This was reported in the Korea Commission for Corporate Partnership's (KCCP) Shared Growth Index on Thursday (August 1), which had given the South Korean arm of the US MLM (multi-level marketing) corporation a "poor" rating.
The index measures the extent of growth-sharing large companies offer their small business partners.
In light of the latest results, KCCP chairman Kwon Ki-hong said it might even impose penalties on Amway Korea, as well as other firms that are similarly lowly rated.
Keeping cool amid criticism?
This is not the first time Amway Korea has been criticised by the KCCP.
Barely two months ago, it was ranked the lowest among the near-200 large firms the KCCP had graded, as it had not taken part in the assessment of whether or not it had met fair trade requirements, and promoted mutual growth with its smaller suppliers.
However, the firm does not seem concerned by Kwon's warning.
A company spokesman told local media that Amway Korea had no intention of participating in the KCCP's evaluation, as it considered the commission's methods unsuitable for the firm and more appropriate for Korean conglomerates that collaborated with a high number of sub-contractors.
Caring about sharing
The KCCP established its Shared Growth Working Committee to help reform large business groups to encourage productivity and inclusion in South Korea, with the Shared Growth Index also known as the Win-Win Index.
The commission monitors large companies that have ties to SMEs, and has so far designated about 100 business lines for SMEs, recommending that large firms do not enter these areas for at least three years.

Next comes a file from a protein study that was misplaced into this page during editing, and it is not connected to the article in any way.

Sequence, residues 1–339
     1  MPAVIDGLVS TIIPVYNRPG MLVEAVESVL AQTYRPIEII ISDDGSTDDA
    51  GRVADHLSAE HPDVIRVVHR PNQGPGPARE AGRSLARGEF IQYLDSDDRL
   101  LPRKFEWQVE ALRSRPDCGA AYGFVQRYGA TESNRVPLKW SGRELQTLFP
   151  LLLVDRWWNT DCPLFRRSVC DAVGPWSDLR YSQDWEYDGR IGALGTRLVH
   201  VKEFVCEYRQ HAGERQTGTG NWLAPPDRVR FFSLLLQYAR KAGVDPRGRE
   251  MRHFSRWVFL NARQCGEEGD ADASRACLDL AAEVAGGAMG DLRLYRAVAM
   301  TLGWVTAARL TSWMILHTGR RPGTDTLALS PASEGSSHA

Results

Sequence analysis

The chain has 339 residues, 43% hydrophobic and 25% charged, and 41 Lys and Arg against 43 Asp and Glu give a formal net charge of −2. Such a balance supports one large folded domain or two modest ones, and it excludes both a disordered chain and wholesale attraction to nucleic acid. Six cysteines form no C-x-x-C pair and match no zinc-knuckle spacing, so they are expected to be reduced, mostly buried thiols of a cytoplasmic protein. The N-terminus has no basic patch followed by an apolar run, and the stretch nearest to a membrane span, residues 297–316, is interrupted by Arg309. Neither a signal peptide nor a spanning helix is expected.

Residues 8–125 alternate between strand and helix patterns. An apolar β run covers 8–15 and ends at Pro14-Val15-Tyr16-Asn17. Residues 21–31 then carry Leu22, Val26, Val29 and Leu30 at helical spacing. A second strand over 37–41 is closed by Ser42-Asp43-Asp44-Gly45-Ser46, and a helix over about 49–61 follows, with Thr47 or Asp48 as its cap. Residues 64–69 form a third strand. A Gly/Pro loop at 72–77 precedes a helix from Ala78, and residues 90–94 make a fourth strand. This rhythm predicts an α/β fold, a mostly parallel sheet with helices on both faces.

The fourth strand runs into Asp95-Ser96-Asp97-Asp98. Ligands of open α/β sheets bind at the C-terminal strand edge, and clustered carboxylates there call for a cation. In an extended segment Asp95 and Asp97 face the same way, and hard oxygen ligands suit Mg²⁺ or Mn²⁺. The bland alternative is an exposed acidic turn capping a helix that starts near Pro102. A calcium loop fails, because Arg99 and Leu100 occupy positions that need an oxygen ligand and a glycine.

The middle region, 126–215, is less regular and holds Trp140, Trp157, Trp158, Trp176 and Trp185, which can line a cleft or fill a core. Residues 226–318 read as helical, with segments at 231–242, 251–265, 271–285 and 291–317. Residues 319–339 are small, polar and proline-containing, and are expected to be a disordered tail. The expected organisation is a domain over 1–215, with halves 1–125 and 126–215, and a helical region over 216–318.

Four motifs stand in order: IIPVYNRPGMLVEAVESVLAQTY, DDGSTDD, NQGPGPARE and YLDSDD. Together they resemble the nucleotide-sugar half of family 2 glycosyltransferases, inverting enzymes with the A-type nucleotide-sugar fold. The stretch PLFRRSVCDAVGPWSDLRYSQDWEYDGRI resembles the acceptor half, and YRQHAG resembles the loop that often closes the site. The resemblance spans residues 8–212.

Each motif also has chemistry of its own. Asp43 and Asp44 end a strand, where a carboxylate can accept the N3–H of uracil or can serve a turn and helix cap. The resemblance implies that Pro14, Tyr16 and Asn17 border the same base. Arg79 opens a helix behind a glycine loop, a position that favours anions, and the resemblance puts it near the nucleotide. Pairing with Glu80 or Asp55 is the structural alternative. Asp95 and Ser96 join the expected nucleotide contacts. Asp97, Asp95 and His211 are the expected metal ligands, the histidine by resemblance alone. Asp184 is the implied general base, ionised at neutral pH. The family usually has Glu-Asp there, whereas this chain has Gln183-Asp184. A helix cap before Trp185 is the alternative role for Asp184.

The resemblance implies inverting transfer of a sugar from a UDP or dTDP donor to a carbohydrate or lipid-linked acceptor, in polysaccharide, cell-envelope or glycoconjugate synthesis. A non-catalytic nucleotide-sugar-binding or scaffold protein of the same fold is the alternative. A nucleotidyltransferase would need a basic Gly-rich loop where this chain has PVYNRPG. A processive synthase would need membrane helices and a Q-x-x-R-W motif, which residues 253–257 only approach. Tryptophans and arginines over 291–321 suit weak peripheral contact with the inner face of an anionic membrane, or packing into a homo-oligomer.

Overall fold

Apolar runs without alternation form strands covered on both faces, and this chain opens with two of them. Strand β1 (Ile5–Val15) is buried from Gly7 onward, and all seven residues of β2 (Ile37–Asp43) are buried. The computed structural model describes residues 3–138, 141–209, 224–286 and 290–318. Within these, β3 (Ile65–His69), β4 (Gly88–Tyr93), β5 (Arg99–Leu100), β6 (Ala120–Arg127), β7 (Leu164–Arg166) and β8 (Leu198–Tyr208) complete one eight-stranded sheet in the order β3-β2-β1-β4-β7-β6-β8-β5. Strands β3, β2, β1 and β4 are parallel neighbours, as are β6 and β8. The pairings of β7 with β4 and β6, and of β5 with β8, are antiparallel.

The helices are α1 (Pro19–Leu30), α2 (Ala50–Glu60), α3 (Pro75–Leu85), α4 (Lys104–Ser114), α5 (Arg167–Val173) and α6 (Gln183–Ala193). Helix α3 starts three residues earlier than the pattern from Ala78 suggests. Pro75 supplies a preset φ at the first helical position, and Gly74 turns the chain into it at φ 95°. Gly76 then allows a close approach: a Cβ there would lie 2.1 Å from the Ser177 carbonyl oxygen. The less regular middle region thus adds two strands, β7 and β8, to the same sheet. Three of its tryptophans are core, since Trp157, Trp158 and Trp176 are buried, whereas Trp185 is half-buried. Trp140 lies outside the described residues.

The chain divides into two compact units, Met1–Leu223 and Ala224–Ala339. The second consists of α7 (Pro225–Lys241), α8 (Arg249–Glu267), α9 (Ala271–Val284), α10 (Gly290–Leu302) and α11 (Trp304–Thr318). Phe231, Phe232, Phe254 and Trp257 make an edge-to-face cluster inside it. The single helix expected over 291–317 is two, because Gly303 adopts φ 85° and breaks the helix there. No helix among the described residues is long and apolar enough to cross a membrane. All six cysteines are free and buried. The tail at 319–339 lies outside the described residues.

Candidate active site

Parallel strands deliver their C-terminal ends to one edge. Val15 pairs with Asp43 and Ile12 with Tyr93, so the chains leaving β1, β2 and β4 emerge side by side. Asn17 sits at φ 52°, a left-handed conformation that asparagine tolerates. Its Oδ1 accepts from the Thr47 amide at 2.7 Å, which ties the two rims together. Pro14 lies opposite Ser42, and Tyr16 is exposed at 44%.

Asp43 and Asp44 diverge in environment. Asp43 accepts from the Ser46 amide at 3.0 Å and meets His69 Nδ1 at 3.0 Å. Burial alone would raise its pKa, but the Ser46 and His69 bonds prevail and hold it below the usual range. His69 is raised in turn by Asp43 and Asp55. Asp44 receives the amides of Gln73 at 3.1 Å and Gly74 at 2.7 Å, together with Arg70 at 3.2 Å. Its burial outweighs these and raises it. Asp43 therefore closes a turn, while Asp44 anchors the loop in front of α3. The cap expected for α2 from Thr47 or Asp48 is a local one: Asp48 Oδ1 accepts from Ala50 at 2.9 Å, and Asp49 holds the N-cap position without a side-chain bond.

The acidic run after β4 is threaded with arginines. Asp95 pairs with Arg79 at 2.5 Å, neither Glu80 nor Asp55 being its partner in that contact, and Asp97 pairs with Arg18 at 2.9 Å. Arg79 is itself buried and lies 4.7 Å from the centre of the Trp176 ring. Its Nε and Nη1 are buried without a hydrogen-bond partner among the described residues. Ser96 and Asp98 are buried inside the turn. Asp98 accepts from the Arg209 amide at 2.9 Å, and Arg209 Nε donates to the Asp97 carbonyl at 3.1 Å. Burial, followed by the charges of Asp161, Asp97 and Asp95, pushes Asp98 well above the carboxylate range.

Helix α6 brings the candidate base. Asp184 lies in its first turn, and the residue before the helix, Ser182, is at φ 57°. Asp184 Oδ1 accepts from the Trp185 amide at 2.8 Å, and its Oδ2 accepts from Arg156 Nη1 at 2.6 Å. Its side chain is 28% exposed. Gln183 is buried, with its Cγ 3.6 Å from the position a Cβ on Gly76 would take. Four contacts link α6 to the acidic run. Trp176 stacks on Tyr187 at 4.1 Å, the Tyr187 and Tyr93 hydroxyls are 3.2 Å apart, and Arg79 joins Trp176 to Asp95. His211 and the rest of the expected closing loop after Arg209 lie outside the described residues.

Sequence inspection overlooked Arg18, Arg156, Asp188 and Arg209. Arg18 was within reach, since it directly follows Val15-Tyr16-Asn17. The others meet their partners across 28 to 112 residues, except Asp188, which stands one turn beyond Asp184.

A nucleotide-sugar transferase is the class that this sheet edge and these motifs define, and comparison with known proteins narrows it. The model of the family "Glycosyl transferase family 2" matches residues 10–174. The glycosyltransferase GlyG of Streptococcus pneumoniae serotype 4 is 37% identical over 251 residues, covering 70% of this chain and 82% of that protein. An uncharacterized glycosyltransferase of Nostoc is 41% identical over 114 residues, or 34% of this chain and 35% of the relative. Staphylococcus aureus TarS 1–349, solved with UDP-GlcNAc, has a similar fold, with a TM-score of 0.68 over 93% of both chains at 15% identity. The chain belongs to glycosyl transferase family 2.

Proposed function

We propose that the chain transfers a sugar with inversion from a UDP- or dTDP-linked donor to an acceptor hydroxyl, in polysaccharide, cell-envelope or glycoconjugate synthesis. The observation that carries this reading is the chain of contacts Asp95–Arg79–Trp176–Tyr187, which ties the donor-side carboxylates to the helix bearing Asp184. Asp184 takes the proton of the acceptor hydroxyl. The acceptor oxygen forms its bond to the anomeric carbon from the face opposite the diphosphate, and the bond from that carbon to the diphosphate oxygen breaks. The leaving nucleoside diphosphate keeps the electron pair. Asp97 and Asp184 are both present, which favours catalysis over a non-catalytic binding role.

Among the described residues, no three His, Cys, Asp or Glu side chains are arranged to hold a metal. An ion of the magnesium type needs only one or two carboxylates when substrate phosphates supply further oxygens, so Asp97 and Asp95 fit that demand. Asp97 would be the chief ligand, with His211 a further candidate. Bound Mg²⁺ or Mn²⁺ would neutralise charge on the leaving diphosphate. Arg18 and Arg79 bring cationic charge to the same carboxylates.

Large companies already operating in these areas are instructed not to increase their facilities, output or market share during this period. If they violate this agreement, the KCCP issues recommendations for correction
Dividends versus donations
In addition to the KCCP's low rating, South Korean civic groups have juxtaposed Amway Korea's dividend payouts against its contributions to local communities.
According to its regulatory filings, the firm has paid out ₩901.3bn (US$800m) in dividends over the last 18 years.
Last year alone, its dividend payout hit ₩78.8bn (US$69.8m).
Over the same 18-year period, it donated ₩16.7bn (US$14.8m). In 2017, its donations totalled ₩694m (US$614,690), a ₩486m (US$425,310) drop from 2016's ₩1.18bn (US$1.04m).
Input outweighing output
The Amway Korea spokesman said it was not uncommon for foreign companies to have a strong inclination towards dividends.
However, last year, the Fair Trade Commission's (FTC) annual research shone the spotlight on the firm's alleged 'stingy' treatment of its sellers, questioning its revenue model after observing a widening gap between the top and bottom tiers of the company's recruitment.
The company is the biggest player among the 125 MLM companies in South Korea, having made ₩1.6 trillion (US$1.4bn) in sales last year.
In spite of this, it landed in a low seventh place when it came to the ratio of incentives to sales. The FTC reported that Amway Korea's top 1% of salespeople received an average of ₩53.46m (US$47,370) in incentives for sales (also called sponsor allowances), while the rest received just ₩780,000 (US$690) on average.
At the time, the firm refuted the data by saying it had fallen prey to 'false statistics'.
NutraIngredients-Asia contacted Amway Korea for comment, but was unable to obtain a response.